Yes SOA is a combination of transaction script and service layer patterns but again to think that OOP is the only methodology or domain model is the only pattern that allows reuse just isn’t correct. To the contrary, services promote *more* re-use than objects because of the loose coupling between the data and the logic.

    >> Assuming that I write good code, I can extend good code more efficiently than by adding more unnecessary remoting and messaging. <<

    The difference between our philosophies is rooted on the fact that I believe that SOA should deeply manifest itself in the design of business applications, and you think SOA is a nice solution to remoting. And to be honest I think you’re missing out.

  • Jeremy D. Miller

    John,

    Not to flame you, but your comment hit a nerve with me this morning.

    I couldn’t possibly disagree with you more. It’s called loose coupling. Tieing your business logic to the message transport is the strongest possible coupling you can do. You’ve totally destroyed your ability to change business logic without breaking the externally facing services.

    Behavior and business logic is best accomplished by the Domain Model approach. I.e., business classes with behavior. You obviously can’t expose these Making the DTO’s be the real business entitites leads you back to a procedural “Transaction Script” with code duplication galore. Maybe your service layer is simpler, but your internal application architecture would be a pile of shit.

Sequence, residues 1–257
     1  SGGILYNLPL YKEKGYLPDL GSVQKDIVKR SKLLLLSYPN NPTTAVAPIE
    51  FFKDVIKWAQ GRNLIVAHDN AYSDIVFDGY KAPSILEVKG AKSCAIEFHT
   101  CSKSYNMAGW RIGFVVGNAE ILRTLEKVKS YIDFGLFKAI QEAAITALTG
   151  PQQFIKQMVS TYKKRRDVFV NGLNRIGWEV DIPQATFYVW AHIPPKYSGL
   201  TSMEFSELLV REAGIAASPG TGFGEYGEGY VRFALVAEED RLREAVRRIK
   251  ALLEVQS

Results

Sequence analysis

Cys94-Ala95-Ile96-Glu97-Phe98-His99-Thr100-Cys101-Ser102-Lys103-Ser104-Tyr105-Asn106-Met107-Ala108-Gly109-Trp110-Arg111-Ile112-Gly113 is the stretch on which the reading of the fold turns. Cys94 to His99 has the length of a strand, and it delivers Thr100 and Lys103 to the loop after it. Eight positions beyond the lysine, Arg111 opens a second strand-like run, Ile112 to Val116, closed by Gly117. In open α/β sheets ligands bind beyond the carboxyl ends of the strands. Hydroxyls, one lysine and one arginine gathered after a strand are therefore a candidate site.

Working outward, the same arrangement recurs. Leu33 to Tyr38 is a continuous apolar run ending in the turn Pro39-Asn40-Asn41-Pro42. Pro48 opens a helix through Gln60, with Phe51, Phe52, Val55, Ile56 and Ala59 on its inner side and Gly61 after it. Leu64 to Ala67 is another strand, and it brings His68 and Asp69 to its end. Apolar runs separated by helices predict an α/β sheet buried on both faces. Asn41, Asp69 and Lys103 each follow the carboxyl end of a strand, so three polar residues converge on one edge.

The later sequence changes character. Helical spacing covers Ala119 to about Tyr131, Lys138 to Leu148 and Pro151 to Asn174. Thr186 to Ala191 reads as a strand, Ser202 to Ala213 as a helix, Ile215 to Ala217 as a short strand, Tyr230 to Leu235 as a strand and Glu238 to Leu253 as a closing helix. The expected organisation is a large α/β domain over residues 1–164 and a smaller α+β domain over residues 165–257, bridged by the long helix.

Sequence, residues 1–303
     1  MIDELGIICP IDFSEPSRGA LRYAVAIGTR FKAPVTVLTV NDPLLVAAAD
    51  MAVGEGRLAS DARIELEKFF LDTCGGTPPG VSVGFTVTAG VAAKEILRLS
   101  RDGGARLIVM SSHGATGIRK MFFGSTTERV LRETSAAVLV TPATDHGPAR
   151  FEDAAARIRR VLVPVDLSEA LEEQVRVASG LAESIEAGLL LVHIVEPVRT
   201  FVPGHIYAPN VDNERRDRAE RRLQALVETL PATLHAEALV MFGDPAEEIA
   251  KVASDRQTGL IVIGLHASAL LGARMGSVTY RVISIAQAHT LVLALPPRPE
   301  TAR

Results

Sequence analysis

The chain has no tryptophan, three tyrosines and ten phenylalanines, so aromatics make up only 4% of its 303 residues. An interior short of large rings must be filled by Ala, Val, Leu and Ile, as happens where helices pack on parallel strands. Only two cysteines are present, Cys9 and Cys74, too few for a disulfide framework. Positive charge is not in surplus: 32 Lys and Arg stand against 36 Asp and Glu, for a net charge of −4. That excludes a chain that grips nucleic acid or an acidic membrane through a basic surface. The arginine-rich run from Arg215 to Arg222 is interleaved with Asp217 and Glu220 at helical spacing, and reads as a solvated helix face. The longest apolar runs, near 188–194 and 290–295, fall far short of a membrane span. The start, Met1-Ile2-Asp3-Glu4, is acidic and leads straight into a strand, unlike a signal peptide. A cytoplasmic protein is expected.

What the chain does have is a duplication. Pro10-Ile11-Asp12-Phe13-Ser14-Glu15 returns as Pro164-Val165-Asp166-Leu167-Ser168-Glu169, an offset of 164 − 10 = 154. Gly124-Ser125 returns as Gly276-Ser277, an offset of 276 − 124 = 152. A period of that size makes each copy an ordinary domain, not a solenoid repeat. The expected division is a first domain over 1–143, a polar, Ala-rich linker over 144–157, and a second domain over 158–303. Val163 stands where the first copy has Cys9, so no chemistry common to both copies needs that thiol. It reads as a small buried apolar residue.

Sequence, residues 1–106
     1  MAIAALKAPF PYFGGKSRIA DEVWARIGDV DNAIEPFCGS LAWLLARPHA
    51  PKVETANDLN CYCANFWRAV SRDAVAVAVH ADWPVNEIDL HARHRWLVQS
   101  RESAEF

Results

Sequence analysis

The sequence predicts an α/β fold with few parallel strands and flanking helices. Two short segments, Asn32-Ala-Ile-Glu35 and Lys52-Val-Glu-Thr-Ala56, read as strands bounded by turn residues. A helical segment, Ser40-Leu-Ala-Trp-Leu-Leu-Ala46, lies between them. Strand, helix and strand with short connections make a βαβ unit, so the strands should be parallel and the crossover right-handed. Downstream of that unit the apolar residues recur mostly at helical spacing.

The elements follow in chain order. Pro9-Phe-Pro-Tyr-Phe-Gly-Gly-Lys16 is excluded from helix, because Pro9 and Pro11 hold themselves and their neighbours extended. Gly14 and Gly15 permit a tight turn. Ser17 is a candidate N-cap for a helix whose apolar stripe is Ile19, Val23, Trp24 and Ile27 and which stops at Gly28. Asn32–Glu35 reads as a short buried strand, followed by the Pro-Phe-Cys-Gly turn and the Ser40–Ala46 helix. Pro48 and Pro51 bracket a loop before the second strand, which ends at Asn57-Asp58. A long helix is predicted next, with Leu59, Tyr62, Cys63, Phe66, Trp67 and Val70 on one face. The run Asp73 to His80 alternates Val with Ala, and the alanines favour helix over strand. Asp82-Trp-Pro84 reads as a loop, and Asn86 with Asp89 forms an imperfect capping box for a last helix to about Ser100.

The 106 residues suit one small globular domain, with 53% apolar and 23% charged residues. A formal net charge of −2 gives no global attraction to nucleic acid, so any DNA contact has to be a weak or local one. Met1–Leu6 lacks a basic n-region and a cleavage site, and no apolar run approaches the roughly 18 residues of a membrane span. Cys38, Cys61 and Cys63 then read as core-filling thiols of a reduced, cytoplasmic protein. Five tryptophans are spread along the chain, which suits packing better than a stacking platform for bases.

Back to Udi’s post a little bit. I’d really question the value of a service that does nothing but expose data. Does it really pull its weight? Isn’t it a little bit stupid to scatter the actual business logic that acts on a business entity over other services? You don’t pull data across the wire and then process it. You do the processing at the point where the data is known to maximize code reuse and cohesion. SOA doesn’t change the fundamental rules of development. Yeah, you expose an endpoint to exchange messages to open this business logic to other systems.

    SOA is integration and external transport. Building a good internal application architecture, where most of the functionality still is, means loosely coupled OO.

    “you’re developing business functionality that is tied to the class and is hidden from the enterprise, and that goes against everything SOA stands for”

    – it’s not important to stand for SOA. It’s important to deliver value and I think that’s best done with good code. Assuming that I write good code, I can extend good code more efficiently than by adding more unnecessary remoting and messaging. If I decide to expose a service off of my application later, I can do it because the code is loosely coupled to begin with.

  • http://dotnetjunkies.com/weblog/johnwood John Wood

    >> Regardless of your style, you should never, ever couple your internal business classes to the messaging schema… <<